The United States banned its citizens from traveling to North Korea following the death of American college student Otto Warmbier, who died days after he was released in a coma from North Korea last year following 17 months in captivity.

Warmbier’s death came amid heightened animosity on the Korean Peninsula, with Trump and Kim exchanging crude insults and war threats over North Korea’s series of nuclear and missile tests.

Tensions have gradually eased since early this year, when Kim abruptly reached out to the United States and South Korea with an offer to negotiate away his advancing nuclear arsenal.

Since its entrance to the talks, North Korea has unilaterally dismantled its nuclear testing site and parts of its rocket engine test facility and taken some conciliatory gestures, including the repatriation of three other American detainees ahead of the June summit.

China Is Now Dominate In World Tourism By Land, Air And Sea

(THIS ARTICLE IS COURTESY OF SHANGHAI CHINA’S SHINE NEWS AGENCY)

 

Cruising through a stretch of rough seas

SHINE

Shanghai Wusongkou International Cruise Terminal in Baoshan District

By land, by air and now by sea, the Chinese have come to dominate world tourism. Cruise lines are now capitalizing on that travel bug, despite some rough seas this year.

“China’s cruise industry is on the cusp of rapid growth that has enormous potential,” said Wang Younong, chairman of the Shanghai Wusongkou International Cruise Terminal.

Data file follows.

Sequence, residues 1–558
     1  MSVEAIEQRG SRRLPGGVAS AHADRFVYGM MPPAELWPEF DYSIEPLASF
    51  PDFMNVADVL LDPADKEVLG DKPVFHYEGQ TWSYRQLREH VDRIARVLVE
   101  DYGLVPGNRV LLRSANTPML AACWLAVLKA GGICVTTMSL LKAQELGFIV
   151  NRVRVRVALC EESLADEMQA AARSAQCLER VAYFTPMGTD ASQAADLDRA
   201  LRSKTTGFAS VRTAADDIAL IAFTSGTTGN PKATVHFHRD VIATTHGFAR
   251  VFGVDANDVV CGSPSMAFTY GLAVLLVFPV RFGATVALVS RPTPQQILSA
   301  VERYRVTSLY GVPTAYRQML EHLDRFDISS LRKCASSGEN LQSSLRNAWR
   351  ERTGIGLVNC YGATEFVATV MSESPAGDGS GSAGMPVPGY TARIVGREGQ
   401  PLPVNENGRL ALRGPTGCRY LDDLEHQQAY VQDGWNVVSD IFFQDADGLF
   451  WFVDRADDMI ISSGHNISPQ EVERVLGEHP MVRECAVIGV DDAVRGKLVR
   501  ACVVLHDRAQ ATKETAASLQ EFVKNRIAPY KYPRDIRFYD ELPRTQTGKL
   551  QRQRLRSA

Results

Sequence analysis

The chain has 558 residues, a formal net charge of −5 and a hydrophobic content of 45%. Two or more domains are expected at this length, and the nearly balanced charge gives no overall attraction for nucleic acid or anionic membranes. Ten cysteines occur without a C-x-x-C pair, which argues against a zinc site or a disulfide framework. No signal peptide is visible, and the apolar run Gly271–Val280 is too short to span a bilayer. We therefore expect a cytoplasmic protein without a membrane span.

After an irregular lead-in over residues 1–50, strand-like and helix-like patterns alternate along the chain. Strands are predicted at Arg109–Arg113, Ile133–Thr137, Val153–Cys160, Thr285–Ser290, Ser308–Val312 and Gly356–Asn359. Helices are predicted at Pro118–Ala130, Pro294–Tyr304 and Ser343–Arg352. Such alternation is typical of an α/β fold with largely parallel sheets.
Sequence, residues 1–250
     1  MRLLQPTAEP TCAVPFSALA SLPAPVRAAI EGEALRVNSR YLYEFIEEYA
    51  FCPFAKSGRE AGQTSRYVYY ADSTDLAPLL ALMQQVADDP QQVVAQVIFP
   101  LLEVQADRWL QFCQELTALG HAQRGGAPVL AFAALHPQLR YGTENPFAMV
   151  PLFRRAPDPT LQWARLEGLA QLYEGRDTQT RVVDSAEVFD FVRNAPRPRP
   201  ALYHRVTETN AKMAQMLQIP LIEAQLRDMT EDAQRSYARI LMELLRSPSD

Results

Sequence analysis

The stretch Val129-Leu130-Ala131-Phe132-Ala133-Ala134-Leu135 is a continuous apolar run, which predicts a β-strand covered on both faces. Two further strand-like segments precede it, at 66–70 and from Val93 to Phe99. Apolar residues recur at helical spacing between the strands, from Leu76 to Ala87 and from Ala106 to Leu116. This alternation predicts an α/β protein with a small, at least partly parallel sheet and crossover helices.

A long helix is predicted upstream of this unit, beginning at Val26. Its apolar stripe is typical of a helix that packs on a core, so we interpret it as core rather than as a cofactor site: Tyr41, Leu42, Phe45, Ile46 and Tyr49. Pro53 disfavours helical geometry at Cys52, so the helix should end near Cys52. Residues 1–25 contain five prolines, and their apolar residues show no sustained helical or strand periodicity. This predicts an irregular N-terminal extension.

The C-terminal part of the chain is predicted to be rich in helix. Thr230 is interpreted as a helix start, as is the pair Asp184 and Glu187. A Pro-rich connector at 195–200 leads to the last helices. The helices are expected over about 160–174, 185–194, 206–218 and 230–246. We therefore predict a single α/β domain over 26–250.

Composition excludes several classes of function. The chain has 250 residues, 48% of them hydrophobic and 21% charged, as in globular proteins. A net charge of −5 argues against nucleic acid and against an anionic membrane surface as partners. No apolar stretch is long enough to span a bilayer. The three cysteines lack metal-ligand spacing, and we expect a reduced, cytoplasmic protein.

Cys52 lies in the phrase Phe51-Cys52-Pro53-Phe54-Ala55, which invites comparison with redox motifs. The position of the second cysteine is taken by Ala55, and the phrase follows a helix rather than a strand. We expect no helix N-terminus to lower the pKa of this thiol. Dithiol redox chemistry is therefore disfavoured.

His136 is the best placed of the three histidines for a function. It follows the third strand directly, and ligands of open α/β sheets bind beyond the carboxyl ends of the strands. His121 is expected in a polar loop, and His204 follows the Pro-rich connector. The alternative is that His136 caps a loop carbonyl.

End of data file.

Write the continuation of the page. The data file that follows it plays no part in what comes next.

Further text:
Last year, 18 cruise vessels were operating out of Chinese ports, carrying 2.4 million Chinese passengers. That was up from four vessels and 200,000 passengers in 2012.

Numbers, however, are expected to decrease to 14 vessels and 2 million passengers next year.

Royal Caribbean Cruise Ltd, the second-largest cruise line worldwide, will operate its Spectrum of the Sea and Oasis of the Seas liners in China in the near future. Spectrum of the Seas will be the biggest and most expensive cruise ship in Asia, with industry cutting-edge technologies.

Costa Cruises, an arm of US-based Carnival Corp, plans to bring two tailor-made ships in 2019 and 2020 to China, according to Mario Zanetti, president of Costa Group Asia. The company introduced cruising to China in 2006 and currently holds 26 percent of China’s cruise market.

MSC Cruise, the industry leader in the Mediterranean, South Africa and Brazil, will operate its MSC Bellissima, a cruise ship featuring rich entertainment, in China, and Genting Group will deploy two 204,000-ton cruise ships that can accommodate 9,500 passengers at the Shanghai port in 2021.

The commitments to the China market may be impressive, but there is an underside to the glowing prospects.

US-based Norwegian Cruise Line, a service with a history of more than 50 years, announced that it is withdrawing Norwegian Joy — the first-class cruise ship tailor-made for Chinese passengers — from the market after one year of operation here.

Cheng Juehao, deputy professor at the Shanghai Maritime University and deputy head of the Shanghai International Shipping Institute Cruise Economy Research Center, said some cruise companies may have miscalculated in their strategies for the China market.

“The Chinese cruise market saw soaring growth of similar products by almost all global cruise operators trying to expand their business here,” Cheng said. “In order to compete with each other, ticket prices nose-dived from 20 percent higher than sophisticated markets such as Europe and the United States, to between 30 percent and 40 percent lower.”

Low ticket prices are the results of sales channels, according to Ye Peng, vice director of sales for Costa.